Albania’s traffic flow better than Norway’s

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Norway has long had among the slowest roads in Europe. Now a new study indicates that even drivers in Albania can get from one city to another in their country faster than drivers in Norway.

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Newspaper Aftenposten reports that fresh figures obtained from the Information Council for Road Traffic (Opplysningsrådet for Veitrafikken, OFV) shows that Norwegian drivers can only drive at an average speed of 65 kilometers per hour (kph) between the country’s large cities.

That’s down from 67.9 kph in 2008, and places Norway at the bottom of the list of 12 European countries surveyed.

Last year Norway placed next to the bottom, and Albania was slowest. But road improvements in Albania have helped speed traffic up in the impoverished country, with average speeds rising from 64.6 kph in 2008 to 68.1 kph in 2009.

The speed reduction in Norway can be blamed on calculation methods, posted speed limits or road conditions, “but regardless, the actual development here defies transport policy goals,” Vilrid Femoen of OFV told Aftenposten.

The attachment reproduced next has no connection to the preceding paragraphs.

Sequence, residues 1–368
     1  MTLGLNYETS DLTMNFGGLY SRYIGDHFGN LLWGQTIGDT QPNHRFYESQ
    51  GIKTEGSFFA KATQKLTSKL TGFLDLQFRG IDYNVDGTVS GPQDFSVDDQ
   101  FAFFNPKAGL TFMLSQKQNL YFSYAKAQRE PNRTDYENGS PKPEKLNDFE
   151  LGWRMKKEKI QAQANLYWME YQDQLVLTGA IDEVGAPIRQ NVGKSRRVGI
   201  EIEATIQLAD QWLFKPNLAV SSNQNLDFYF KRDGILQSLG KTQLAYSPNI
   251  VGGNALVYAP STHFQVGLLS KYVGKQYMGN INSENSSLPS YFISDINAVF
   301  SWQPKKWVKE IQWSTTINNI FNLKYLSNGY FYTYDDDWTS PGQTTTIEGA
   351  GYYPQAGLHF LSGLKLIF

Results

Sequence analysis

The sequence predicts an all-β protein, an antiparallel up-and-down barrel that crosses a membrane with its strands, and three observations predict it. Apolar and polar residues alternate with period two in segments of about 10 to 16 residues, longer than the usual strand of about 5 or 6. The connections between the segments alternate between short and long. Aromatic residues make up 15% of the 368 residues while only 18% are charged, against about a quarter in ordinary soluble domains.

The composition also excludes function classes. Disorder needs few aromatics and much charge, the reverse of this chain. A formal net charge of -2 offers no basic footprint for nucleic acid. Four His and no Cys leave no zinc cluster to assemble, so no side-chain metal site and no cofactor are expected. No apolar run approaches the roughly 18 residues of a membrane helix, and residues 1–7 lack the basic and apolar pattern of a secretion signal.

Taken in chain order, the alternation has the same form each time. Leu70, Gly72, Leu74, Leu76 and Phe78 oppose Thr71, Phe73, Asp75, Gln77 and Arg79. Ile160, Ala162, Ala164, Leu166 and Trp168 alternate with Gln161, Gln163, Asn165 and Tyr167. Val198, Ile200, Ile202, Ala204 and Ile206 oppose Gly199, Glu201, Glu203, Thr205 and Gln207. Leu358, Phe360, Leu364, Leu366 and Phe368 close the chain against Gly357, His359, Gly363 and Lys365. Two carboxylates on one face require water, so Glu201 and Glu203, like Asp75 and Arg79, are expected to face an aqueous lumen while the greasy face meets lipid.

Road building and maintenance are matters of public debate in Norway. Motorists are often frustrated and politicians claim they aim to improve roads, making them safer and faster. They continue to opt, however, for an expensive piecemeal approach to road building, and even heavily trafficked stretches with high accident rates can go neglected for years. Many of Norway’s highways, notes Femoen, are only narrow two-lane roads, lacking even a center line.

“A lot could be improved simply by widening roads and dividing them with a yellow line to prevent passing,” she said.

Politicians also blame the poor roads on difficult mountain territory and fjords that need to be crossed, but Switzerland, for example, also has had to cope with mountains and has much better roads.

With poor Albania now even surpassing wealthy Norway, state highway officials also point to geographic challenges in Norway, along with political choices. A good highway system in Norway has never been a high political priority.

Views and News from Norway/Nina Berglund
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